Less-than-ideal living situations can also be very stressful for chickens. For example – undesirable environmental factors include overcrowding, water deprivation, and irregular feeding times.

If your flock is not thriving, it may be necessary to re-evaluate your chicken coop and run – do you have too many birds for the living space available? Do they all have sufficient access to a proper diet, water, and shelter?

As your flock expands, you will likely need to add extra chicken feed and water stations to ensure all birds have unfettered access to breakfast, lunch, and dinner!

two brown farmyard chickens with feather loss
Molting isn’t the only reason chickens lose feathers. You may also notice chickens picking feathers from one another. We’re talking about chicken bullies! We usually find that feather picking and hen bullying are due to a lack of space inside the coop or around where they eat or lay. Chickens need room to stretch, scratch, and enjoy a dust bath without bumping into one another. Offer your chickens a few square feet of space within their permanent housing. At least! Also, ensure your birds have adequate space to eat and drink without overcrowding. And have at least one nesting box per every few hens. (The more room you offer your birds – the less likely they are to quibble, bicker, and fight!)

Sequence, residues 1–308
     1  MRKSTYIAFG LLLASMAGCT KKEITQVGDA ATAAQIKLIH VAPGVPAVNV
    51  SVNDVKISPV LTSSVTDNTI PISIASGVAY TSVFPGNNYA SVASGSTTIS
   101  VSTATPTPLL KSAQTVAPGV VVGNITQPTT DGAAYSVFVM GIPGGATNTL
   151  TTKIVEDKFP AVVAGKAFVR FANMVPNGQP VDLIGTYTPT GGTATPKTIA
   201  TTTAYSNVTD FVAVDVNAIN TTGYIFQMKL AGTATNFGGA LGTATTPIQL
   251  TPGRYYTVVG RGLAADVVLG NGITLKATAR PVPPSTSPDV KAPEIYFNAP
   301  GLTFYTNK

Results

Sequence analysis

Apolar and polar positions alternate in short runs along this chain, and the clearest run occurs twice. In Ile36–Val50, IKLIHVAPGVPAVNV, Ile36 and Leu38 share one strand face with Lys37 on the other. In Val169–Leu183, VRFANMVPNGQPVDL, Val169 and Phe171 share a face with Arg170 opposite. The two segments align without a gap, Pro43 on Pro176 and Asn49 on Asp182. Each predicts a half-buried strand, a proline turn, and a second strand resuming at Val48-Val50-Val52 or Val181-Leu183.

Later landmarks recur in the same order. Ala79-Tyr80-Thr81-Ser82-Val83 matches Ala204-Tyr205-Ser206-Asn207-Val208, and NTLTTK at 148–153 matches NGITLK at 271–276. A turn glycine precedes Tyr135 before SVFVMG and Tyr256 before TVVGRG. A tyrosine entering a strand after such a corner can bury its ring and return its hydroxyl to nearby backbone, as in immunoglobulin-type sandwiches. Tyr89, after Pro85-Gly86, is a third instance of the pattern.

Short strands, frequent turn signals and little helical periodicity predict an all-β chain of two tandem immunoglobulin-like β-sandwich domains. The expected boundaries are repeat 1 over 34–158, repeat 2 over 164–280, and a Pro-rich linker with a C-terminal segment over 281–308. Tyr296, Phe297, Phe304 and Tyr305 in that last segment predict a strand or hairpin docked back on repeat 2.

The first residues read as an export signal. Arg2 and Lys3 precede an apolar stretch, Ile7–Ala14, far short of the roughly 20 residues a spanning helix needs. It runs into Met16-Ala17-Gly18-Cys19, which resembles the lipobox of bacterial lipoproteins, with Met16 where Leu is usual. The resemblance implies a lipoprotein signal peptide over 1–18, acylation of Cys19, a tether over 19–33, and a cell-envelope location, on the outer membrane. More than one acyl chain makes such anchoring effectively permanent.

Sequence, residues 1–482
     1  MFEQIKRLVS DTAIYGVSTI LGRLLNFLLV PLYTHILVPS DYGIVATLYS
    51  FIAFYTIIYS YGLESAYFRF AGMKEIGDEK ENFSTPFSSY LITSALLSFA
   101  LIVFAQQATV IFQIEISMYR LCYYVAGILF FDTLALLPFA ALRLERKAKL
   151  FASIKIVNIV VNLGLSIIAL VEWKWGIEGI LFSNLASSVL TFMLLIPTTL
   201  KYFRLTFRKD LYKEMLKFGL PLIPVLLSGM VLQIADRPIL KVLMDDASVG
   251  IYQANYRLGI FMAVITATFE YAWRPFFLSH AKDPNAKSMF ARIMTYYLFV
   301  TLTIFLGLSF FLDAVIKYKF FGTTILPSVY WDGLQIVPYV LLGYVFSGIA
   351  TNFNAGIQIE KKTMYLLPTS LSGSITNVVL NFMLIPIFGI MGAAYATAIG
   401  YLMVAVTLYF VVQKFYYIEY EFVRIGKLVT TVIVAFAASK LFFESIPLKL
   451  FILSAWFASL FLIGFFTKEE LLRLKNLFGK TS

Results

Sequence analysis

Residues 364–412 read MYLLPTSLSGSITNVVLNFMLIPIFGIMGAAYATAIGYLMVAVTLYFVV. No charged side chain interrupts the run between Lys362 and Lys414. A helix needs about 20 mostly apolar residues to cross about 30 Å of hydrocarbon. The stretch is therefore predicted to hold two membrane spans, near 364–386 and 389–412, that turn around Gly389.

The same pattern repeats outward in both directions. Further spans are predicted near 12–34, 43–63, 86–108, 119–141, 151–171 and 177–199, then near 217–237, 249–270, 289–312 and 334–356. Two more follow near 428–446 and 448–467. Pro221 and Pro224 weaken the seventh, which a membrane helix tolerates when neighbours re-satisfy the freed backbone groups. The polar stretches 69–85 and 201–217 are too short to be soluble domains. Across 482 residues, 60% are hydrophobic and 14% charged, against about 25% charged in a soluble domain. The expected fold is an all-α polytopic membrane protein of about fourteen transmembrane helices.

How Do You Tell If Your Chicken Is Molting Or Has Mites?

Mites are the bane of any chicken keeper’s life! A mite infestation can creep up before you realize it, causing your healthy, full-feathered hens to appear miserable and bedraggled.

But if your hens have feather loss, how can you tell if molting or mites are the cause?

During a normal molt, your hens should still look clean, despite the feather loss. Hens with mites often appear dirty, particularly around the vent area.

It also pays to look closely at the hen – can you see pin feathers appearing? If so, she is just going through a normal molt. Hens with mites will not normally regrow their feathers until the mites get eliminated.

Of course, if you see some mites, you know they are causing the problem! Unfortunately, mites can be difficult to spot, and some mite species hide away in the coop during the day, coming out at night to feast on your hens.

What Do Chicken Mites Look Like?